I am so relieved to have averted any further conflict that I launch into a series of suggestions as to what Greg and I could offer to new councillors in terms of helping them find ways to manage their caseloads.

The councillors join in, and it's all going really well until the discussion is interrupted by a loud snore. A really loud, stagy snore. All heads turn to look at Andrew, who is sitting slumped in the corner of the sofa - wide-awake, and staring at me.

"I think that's enough, Molly," he says. "We don't want to bore Jimmy and the others to death, now do we?"

I am not going to let him make me cry. I am not. I never have, and I never will. I excuse myself and leave the room. As I pass Greg, he tries to stop me to find out what is wrong, but I just shake my head and keep going. When I get outside, I stand around for a while, smoking and ordering myself to get a grip, so that I don't give Andrew the satisfaction of seeing that he has upset me. On the second cigarette, I finally start to calm down.

But then there are noises in the lobby and someone pushes open the main door, a few feet from where I am standing. Shit. They must all be leaving. And they're going to walk right past me when they do. I move towards the door, but then I hear something.

"Wasn't that awful?" says a vaguely familiar voice.

"God, yes," says another. "That poor girl. He made her look a complete prat. I'm bloody glad I don't have to work for him."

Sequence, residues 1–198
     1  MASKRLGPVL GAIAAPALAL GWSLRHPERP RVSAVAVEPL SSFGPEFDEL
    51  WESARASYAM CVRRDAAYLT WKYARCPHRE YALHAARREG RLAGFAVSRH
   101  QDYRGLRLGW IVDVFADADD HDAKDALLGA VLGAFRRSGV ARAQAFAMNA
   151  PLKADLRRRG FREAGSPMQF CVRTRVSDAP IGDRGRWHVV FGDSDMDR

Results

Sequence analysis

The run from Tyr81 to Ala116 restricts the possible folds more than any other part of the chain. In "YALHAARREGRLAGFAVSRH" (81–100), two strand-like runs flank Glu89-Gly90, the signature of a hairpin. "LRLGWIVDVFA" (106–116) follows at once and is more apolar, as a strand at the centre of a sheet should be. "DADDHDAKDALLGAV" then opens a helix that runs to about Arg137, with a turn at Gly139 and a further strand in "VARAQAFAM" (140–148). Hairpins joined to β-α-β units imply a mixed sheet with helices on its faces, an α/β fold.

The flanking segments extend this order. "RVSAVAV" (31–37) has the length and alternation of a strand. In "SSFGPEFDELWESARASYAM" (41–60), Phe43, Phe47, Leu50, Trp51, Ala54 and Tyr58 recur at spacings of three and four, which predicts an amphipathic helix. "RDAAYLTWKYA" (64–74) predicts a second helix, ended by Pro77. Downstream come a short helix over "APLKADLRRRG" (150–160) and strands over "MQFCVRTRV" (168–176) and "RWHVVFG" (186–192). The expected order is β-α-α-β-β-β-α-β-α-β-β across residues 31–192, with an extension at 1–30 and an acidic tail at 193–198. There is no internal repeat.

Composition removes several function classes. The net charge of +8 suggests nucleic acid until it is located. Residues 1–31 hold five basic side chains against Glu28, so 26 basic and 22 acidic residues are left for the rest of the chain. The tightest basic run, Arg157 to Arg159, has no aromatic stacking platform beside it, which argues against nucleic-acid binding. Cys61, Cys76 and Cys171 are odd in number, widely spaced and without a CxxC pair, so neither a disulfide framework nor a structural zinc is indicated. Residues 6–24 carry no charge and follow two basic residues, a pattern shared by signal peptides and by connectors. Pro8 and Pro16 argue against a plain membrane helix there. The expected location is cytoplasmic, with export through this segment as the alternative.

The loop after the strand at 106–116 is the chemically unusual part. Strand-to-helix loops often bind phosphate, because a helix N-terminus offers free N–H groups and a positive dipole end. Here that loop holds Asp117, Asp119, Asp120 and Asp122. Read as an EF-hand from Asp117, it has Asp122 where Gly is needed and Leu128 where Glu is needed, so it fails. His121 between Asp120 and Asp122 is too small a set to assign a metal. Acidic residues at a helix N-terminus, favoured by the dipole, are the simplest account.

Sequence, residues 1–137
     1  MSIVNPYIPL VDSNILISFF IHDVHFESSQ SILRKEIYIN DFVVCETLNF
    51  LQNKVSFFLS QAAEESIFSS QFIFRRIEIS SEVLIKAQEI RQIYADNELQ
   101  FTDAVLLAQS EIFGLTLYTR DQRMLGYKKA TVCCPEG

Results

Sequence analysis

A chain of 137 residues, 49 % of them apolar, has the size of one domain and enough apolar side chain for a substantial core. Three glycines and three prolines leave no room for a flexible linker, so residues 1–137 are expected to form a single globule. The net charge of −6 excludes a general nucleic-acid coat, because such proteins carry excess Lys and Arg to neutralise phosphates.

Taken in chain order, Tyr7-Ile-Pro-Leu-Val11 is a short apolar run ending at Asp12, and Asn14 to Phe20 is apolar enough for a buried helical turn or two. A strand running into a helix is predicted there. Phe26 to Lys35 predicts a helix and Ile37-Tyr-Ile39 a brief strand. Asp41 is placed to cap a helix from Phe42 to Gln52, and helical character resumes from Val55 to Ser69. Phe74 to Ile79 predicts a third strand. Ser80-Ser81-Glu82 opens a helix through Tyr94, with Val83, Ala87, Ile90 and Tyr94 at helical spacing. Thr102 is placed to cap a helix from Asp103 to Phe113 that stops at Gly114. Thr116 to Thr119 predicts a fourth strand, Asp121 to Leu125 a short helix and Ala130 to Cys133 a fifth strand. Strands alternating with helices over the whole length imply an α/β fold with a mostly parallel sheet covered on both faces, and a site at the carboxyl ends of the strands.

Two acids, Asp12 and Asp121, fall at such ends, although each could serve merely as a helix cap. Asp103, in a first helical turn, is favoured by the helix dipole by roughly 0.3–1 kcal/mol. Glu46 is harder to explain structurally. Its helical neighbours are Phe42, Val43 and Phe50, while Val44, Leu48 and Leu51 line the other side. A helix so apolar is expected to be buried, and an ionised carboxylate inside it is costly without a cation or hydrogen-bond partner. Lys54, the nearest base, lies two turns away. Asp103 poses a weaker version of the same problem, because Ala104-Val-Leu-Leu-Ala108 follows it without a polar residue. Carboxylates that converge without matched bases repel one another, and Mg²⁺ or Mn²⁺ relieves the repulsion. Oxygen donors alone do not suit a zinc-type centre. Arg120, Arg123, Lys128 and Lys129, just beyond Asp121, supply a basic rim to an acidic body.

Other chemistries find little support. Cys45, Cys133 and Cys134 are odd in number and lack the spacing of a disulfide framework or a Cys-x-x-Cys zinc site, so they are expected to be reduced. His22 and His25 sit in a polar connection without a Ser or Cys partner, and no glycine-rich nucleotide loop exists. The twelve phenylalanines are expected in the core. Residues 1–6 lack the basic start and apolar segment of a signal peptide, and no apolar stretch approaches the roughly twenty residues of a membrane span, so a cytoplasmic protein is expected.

Nothing for it but to face them anyway. I'll have to do it sometime, after all. I take hold of the door and say "Excuse me," to Jimmy, who looks startled, then moves out of my way. The other councillors turn to face me and smile rather too sympathetically - like those hushed-voice counsellor types who always annoy me so much when I encounter them at meetings of the Mental Health Trust.

"Good to see you all," I say, as I walk away. "Look forward to seeing you at Joan's barbecue."

Then I go back to work. It is a very good thing that The Boss is still not speaking to me, as I am not speaking to him either. Not now. I bet this isn't how International Directors of Global Oil Companies treat their staff. And they probably speak to their wives as well. Thursday week can't come soon enough, as far as I'm concerned.


  1. Molly - I can't believe how horrid Andrew is. I really felt like smacking him one when you walked out of the meeting.
    Just know that everyone recognises that he is the sh*t in this.
    Forget him over the weekend and enjoy the Bank holiday. Oh God, now you've got the family..... lol. x

  2. Oh, thanks Liz - so did I! At least a long weekend with Josh and Connie seems a preferable option to being at work after today. Mind you, we have to move Connie to her new house tomorrow - so it'll be back to being at the mercy of the boys at home and at work after that :-S

  3. I agree - but he's made himself look a complete prat in front of the Councillors - not you.

    Only one more week to go then Carlotta will be welcome to Andrew - but then we've got the conference recess to face. Hope mine goes to conference - he hasn't decided yet. Trouble is he always comes back with loads of bright ideas of what we should be doing, which cauases lots more work. For us not him!

  4. Am sure Carlotta can hardly wait ;-) You're right, though - can't believe it'll be conference recess before we know it.

    Andrew will definitely go - he likes nothing better than to attend all the fringe meetings and stir up trouble. Just wish he'd go away for the whole of the three weeks!

    Why is their bright ideas never seem to involve them doing the work?!